Before I turned in one of the R50e's I decided to do some testing. I had the "feeling" that Ubuntu was superior to that other OS in many ways, yet I wanted to back my words with some real life data. The most impressive difference was obtained on power-up. I was smart enough to capture it on Video:
Both machines have the same exact specs, both have been used for the same time (to be fair I have tweaked the OS on the left quite a bit to optimize it). Ubuntu is already idle by the time the video ends; while the other PC takes 30 seconds more than what I've uploaded to idle the hard drive.
Then I went for a Battery endurance test. I left both PCs running, but the results where somewhat disappointing. Battery life (screen always on, machine unused) was 2:42:12 and 2:43:28 from left to right, but, quite honestly the difference can be attributed to battery condition.
I need to do a similar head to head with a ThinkPad that has more advanced power options to see if there is an improvement on either way. Quite honestly I thought Ubuntu was going to beat the hell out of te other one in this Item as well, since I had been able to work longer far from a power source with the Linux machine. I guess this was either me wanting it to be that way or (quite possibly) that Linux and programs running on it require less resources and that disk cache is faster and better thought (due to that Cache partition one sets up, remember?).
Final test was starting up notes and SameTime (our internal IM system). Ubuntu runs Notes 8 ever Eclipse; the other OS runs 7. Notes 8 and Sametime took 1:56.6 whereas notes 7 took 2:44.1. Time was measured from click on the icon to the moment when I was able to compose a new email.
The more I learn the more I'm convinced I need to use just one OS: Ubuntu.
I've read many comments on different blogs (lenovoblogs.com amongst them), about people who had their ears bleed after unplugging the power cable while on headphones. I have suffered from this as well, so I wanted to seek for an option to disable such annoyance.
There is a way to disable it, but there is a small disadvantage in doing so. I'll get to that in a second, first the "how to":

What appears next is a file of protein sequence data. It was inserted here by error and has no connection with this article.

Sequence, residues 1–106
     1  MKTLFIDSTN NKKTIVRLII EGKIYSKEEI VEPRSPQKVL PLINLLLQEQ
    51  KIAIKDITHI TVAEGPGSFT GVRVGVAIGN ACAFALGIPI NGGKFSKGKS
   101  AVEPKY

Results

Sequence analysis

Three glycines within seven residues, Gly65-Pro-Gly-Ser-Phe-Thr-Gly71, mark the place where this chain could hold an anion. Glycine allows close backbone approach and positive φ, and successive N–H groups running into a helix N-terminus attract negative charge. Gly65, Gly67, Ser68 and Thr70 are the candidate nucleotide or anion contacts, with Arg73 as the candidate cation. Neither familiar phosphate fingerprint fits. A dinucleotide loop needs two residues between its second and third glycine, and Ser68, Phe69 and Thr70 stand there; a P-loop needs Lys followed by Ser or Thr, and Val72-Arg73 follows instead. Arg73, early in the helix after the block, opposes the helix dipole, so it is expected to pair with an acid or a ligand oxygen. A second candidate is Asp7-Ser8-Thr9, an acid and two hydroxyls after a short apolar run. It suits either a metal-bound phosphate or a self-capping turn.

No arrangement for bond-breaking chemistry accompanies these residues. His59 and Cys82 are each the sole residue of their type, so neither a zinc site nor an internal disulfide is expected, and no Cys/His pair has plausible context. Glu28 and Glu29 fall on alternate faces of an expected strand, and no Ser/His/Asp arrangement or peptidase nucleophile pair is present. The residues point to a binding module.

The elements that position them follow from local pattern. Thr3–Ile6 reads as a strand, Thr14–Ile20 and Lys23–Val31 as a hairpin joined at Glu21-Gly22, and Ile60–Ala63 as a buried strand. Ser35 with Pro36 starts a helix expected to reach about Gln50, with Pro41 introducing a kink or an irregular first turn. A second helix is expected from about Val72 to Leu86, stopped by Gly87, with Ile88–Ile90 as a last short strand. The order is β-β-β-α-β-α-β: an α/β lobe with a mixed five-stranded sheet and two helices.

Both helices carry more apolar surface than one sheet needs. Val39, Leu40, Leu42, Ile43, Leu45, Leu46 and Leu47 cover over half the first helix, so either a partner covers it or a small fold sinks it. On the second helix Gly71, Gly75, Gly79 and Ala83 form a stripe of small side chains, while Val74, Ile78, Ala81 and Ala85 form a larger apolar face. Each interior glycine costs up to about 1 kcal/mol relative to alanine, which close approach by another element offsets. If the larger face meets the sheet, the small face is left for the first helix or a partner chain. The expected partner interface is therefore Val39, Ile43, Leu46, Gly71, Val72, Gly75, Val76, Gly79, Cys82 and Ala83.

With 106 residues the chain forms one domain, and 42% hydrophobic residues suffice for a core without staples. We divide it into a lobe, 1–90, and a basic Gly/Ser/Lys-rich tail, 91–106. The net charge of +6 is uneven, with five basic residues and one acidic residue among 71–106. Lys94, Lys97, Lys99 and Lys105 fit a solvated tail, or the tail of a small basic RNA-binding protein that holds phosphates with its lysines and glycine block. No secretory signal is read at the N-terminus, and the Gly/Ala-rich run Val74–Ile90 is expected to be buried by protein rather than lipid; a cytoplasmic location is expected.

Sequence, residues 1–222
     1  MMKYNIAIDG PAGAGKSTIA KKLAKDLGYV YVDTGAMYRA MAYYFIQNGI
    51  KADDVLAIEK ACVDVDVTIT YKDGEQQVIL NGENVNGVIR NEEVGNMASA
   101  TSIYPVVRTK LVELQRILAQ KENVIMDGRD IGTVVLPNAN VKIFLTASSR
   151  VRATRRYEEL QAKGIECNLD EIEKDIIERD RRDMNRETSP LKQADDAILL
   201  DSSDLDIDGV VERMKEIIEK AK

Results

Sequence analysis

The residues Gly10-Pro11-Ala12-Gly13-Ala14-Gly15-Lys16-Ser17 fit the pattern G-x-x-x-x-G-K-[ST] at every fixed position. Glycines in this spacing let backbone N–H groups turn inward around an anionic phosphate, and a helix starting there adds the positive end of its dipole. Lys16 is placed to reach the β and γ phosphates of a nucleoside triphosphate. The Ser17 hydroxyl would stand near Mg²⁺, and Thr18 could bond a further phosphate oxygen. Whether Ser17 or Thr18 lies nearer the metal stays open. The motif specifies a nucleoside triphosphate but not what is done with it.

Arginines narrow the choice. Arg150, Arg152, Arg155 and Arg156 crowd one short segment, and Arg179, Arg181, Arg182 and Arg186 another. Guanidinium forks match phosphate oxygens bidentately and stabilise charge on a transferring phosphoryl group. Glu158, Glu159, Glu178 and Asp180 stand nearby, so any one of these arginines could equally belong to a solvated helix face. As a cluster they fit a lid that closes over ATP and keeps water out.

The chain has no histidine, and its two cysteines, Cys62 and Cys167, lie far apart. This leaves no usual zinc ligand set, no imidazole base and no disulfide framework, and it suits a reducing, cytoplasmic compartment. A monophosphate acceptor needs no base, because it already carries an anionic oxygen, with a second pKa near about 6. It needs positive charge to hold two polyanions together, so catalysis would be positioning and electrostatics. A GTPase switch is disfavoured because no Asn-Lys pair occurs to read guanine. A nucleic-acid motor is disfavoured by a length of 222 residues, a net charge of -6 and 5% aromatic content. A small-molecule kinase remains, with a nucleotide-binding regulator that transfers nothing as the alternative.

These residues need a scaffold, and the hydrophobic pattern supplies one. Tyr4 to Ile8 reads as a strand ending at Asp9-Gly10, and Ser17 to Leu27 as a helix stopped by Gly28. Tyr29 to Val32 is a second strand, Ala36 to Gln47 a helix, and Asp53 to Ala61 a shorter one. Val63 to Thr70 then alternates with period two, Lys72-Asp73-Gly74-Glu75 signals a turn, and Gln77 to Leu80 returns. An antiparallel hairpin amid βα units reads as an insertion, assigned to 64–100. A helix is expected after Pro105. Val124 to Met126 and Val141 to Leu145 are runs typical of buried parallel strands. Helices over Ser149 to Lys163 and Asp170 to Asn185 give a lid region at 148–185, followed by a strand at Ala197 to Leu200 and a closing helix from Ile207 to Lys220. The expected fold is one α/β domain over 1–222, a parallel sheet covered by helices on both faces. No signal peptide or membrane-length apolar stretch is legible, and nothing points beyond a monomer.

Restart your ThinkPad, while on the first splash screen, get on the bios setup (two ways to do this: hit the "F1" key -direct- or hit the blue "ThinkVantage" button, which will start "Rescue and Recovery", on the right side links you have an "access bios" option.
WARNING! You can seriously brake things if you fiddle with BIOS and don't know what you are doing!
Once on the BIOS go to:
Config -> Alarm -> Power Control Beep -> Select "Disabled"
Save your changes by hitting "F10" and confirming you actually want to save changes and restart.
So, what's the downside? That by disabling such beeps you also disable all power-realtad beeps (suspend, hibernate and resume). I can personally rely just on the visible cues my ThinkPad provides (the Half moon), but this might NOT be your case.
Disclaimer: I have updated my T60p's BIOS only two weeks ago and can't confirm is this option has been around for a long time or just since this last update.
While lurking through the comments on lenovo blogs, I've seen some regarding the forward and back buttons just by the side of arrow keys:
I have also lost text inputs due to this two buttons, yet I knew there had to be a workaround for it. And there is: Go to Start > ThinkVantage > Keyboard Customizer Utility
Over there go to the "Key Sensitivity" tab, you'll be able to set a bunch of key's sensitivity settings.
Amongst other keys you can set the back and forward buttons sensitivity; or disable them altogether. I suggest moving the slider, hitting the "Apply" button and test until you think you're comfortable. You have a test area at the right side of the same window.
That is it! I'm sorry if you expected a longer tutorial.